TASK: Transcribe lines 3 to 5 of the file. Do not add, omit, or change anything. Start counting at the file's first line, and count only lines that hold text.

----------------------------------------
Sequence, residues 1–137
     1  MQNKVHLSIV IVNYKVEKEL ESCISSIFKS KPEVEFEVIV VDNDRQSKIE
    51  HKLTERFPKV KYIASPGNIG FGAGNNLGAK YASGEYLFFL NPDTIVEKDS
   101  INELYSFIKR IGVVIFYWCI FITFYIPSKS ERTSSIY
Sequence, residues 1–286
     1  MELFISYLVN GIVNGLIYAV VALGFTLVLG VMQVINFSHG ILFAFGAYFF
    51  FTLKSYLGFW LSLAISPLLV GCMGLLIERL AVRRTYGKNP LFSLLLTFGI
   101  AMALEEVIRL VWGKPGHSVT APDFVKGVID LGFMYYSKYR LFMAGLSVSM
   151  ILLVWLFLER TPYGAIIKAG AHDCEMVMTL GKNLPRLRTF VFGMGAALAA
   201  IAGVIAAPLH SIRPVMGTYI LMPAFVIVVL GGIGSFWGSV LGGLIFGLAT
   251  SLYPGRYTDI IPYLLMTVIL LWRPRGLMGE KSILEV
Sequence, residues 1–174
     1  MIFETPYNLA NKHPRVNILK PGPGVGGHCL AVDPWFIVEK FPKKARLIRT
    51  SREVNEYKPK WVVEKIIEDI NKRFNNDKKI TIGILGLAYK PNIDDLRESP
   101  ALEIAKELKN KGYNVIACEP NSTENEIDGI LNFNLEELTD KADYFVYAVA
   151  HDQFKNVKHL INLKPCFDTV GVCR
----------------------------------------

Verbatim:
    51  HKLTERFPKV KYIASPGNIG FGAGNNLGAK YASGEYLFFL NPDTIVEKDS
   101  INELYSFIKR IGVVIFYWCI FITFYIPSKS ERTSSIY
Sequence, residues 1–286